The South African government is studying United States President Donald Trump’s proclamation to impose a 10% tariff on aluminium and 25% tariff on steel articles, and its implications for South African exports.
The Department of Trade and Industry (dti) says it has taken note of the 8 March proclamations signed by President Trump to impose a 10% ad valorem tariff on aluminium articles and a 25% ad valorem tariff on steel articles, which will come into effect later this month.
“South Africa is studying the proclamation and its implications for the domestic industry in South Africa,” said the dti on Friday.
South Africa’s steel exports to the US amounted to US$950 million in 2017 and accounted for 1.4% of the US’s global imports. In the case of aluminium, South African exports were at US$375 million in 2017, accounting for 1.6% of US imports from all global suppliers.
The dti said it is clear that South Africa’s exports do not impose a threat to US industry and jobs.
South African exports of aluminium and steel are in some cases used as inputs into further processes in the US manufacturing sector, contributing to US jobs and production.
“The Department of Trade and Industry is fully engaged with the matter and continues to have discussions with the US on this issue. A formal submission will also be made to the US, as is provided for in the proclamations,” said the department.
Modification of restrictions
The US will consider specific requests from affected domestic parties to exclude from any adopted import restrictions. This is for steel articles for which the Secretary of Commerce determines that there is lack of sufficient US production capacity of comparable products, or to exclude steel articles from such restrictions for specific national security-based considerations.
The proclamations make a provision for any country with which the US has a security relationship to discuss alternative ways to address the threatened impairment of the national security caused by imports from that country.
Should the US and that country arrive at a satisfactory alternative means to address the threat to national security, the US President may remove or modify the restriction on steel article imports from that country and, if necessary, make any corresponding adjustments to the tariff as it applies to other countries as national security interests require.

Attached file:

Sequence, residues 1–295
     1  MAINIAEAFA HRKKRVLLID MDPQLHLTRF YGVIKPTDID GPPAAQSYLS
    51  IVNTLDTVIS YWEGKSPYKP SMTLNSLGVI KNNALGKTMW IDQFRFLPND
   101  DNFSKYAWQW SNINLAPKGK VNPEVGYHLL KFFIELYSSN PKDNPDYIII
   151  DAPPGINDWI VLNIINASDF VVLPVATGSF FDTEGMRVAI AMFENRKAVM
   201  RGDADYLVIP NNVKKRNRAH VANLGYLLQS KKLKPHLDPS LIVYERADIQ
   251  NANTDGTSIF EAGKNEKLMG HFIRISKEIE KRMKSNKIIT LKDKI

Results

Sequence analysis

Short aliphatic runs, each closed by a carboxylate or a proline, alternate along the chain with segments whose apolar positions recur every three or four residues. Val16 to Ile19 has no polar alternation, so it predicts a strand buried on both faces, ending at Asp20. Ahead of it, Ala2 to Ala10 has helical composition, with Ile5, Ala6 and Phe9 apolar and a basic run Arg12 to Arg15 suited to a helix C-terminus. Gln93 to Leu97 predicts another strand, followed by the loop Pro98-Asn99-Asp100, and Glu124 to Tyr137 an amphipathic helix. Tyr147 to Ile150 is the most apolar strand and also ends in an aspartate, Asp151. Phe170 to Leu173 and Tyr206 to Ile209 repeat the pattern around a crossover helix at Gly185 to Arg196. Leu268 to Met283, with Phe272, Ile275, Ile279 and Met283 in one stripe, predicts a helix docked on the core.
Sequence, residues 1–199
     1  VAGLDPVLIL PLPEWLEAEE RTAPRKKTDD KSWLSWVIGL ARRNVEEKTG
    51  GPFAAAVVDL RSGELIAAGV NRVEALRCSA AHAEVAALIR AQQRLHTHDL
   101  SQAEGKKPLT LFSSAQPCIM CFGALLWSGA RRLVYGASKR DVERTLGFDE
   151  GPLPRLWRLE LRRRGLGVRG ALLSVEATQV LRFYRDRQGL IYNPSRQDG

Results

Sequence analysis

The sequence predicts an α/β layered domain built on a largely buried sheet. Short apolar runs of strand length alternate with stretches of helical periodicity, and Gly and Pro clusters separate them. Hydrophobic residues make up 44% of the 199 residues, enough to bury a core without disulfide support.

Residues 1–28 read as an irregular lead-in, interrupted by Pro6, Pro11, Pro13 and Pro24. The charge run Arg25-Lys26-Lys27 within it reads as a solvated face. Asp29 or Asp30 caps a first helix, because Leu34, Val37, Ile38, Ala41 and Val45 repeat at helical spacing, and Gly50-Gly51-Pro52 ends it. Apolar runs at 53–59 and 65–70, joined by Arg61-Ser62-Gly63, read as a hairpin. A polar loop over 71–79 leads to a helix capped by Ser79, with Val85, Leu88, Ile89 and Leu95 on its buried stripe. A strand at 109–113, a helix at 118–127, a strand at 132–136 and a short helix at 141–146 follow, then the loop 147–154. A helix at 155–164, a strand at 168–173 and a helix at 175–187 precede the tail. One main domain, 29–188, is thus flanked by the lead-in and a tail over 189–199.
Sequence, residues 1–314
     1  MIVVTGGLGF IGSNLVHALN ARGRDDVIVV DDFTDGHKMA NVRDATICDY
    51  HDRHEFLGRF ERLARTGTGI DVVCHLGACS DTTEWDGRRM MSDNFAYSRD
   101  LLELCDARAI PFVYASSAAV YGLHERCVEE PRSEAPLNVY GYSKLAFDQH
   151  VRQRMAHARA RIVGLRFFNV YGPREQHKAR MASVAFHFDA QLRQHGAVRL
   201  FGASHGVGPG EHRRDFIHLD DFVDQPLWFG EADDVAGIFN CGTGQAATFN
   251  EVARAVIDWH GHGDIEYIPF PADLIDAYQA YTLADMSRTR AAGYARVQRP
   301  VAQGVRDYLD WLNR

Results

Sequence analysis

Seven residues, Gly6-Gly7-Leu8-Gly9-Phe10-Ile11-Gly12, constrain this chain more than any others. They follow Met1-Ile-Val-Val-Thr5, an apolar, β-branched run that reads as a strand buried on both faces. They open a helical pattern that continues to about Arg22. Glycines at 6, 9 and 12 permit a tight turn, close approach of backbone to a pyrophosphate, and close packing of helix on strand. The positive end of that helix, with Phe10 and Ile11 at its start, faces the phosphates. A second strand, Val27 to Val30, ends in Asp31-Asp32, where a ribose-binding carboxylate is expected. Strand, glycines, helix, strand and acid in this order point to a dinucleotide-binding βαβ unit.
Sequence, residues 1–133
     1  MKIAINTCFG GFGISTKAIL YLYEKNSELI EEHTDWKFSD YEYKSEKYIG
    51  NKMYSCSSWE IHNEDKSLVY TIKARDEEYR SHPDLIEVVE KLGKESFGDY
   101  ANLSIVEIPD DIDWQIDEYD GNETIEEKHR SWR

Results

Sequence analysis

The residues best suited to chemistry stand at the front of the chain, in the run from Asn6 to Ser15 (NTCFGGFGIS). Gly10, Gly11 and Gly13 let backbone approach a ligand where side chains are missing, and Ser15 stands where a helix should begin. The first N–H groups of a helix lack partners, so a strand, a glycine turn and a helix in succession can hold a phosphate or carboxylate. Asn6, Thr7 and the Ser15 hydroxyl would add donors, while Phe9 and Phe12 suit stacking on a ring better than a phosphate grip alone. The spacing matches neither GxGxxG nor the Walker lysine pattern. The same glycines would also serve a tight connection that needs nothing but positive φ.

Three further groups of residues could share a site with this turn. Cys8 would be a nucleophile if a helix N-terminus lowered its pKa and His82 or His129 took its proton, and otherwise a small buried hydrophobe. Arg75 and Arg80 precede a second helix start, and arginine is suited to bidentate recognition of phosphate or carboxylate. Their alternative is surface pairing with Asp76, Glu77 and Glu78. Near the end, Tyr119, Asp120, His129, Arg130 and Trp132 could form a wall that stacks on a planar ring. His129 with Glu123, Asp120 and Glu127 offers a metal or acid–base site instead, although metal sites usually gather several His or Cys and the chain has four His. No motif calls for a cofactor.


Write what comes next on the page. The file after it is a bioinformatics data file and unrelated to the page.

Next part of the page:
In relation to aluminium, the products to be affected are defined in the Harmonized Tariff Schedule (HTS) as: (a) unwrought aluminum (HTS 7601); (b) aluminum bars, rods, and profiles (HTS 7604); (c) aluminum wire (HTS 7605); (d) aluminum plate, sheet, strip, and foil (flat rolled products) (HTS 7606 and 7607); (e) aluminum tubes and pipes and tube and pipe fitting (HTS 7608 and 7609); and (f) aluminum castings and forgings (HTS 76184.108.40.206 and 76220.127.116.11), including any subsequent revisions to these HTS classifications.
The products affected in relation to steel are defined at the Harmonized Tariff Schedule (HTS) 6-digit level as: 7206.10 through 7216.50, 7216.99 through 7301.10, 7302.10, 7302.40 through 7302.90, and 7304.10 through 7306.90, including any subsequent revisions to these HTS classifications.
Tariff implementation date
In addition, the Secretary of Commerce is expected to publish the Federal Register on the appeal process for US buyers to apply for exclusion within 10 days. The tariffs will be implemented on 23 March 2018, if no alternative arrangement is agreed to with individual countries.
On 1 March, President Trump held a listening session with representatives from large steel and aluminium companies. At the session, President Trump heard concerns relating to imports of steel and aluminium raised by US companies.
In its earlier response, the dti said it was fully engaged with the matter and had undertaken discussions with the US in a number of forums.
The department was at the time also meeting with South African companies that have export interests in the US to ascertain the possible impact of the proposed measures. – SAnews.gov.za